On Thursday, the National Air Traffic Controllers Association (NATCA) said statistics published in the FAA's Administrators Fact Book shows that ATC staffing levels have dropped "to a new low" after a third straight year of decline. This year's decline is defined by the loss of 21 people and represents a slight negative shift in staffing levels, or a change from 14,227 controllers in 2005 to 14,206 in 2006. That said, in 2003 (the high water mark for staffing) the controller population reached 15,386 -- a full 7.7% more controllers than we have today. [more] Last year, 734 controllers retired, eclipsing the FAAs projection to Congress by 57 percent, according to NATCA. Rather than staffing to traffic as the FAA states publicly is its new mission, the agency appears to be following a new policy: staffing to budget, NATCA president Patrick Forrey stated.
Sen. Charles Schumer, D-N.Y., said the FAA is not staffing air traffic control facilities in the state adequately. In Albany, for example, there should be 30 full-time controllers, but there are only 26, Schumer told The Associated Press. "It started as a labor dispute, but now it's become a safety issue. The FAA cuts are absurd," he said. FAA spokeswoman Laura Brown told the AP the union's numbers don't reflect actual staffing needs. "We have a staffing plan to put the right number of controllers in the right place at the right time," Brown said. "There may be a few facilities here and there where we have a couple fewer controllers than what we want." On Wednesday, the National Air Traffic Controllers Association (NATCA) said staffing issues in Tulsa, Okla., threaten air safety.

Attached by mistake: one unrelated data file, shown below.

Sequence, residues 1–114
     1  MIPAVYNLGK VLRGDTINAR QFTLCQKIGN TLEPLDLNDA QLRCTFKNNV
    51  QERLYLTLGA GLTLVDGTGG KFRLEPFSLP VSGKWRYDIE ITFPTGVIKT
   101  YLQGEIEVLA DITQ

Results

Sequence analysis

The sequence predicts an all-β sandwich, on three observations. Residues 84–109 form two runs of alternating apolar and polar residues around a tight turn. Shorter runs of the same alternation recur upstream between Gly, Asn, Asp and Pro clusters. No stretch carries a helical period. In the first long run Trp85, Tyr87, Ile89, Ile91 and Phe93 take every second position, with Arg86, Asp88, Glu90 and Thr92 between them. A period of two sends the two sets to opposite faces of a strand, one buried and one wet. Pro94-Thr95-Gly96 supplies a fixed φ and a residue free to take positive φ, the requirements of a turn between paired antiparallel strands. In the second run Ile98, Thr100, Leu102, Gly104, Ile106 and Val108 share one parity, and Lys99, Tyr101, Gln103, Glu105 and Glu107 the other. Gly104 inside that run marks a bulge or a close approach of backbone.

The Comair crash in Lexington, Ky., raised questions about the FAA's dissemination of airport information and its staffing of air traffic control towers. The tower at Blue Grass Airport had only one controller, instead of the required two, on duty that morning. Construction work at the field had changed the regular taxiway and runway layout, but the crew's information was outdated. The FAA last week issued an advisory to airport operators, asking them to disseminate better information about closures and construction. "Air crews may have a hard time keeping up with these changes as they occur," the FAA said. "In many cases, the NOTAM system may be inadequate."
On Wednesday, the NTSB released transcripts and tapes from its investigation of the Aug. 27 Comair CRJ-100 crash in Lexington, Ky., which killed 49 of the 50 on board. Safety board investigators determined that the regional jet took off from the airport's shorter, 3,500-foot Runway 8/26 instead of the intended 7,000-foot Runway 4/22. Transcripts from Flight 5191s cockpit voice recorder showed that the copilot -- the lone survivor, James Polehinke -- noted that the runway lights were off as the jet sped down the wrong runway. "That is weird with no lights," he said, at 6:06:16 a.m., and Capt. Jeffrey Clay responded, "Yeah." Seconds later, Clay said, "Whoa," then the sound of impact is heard.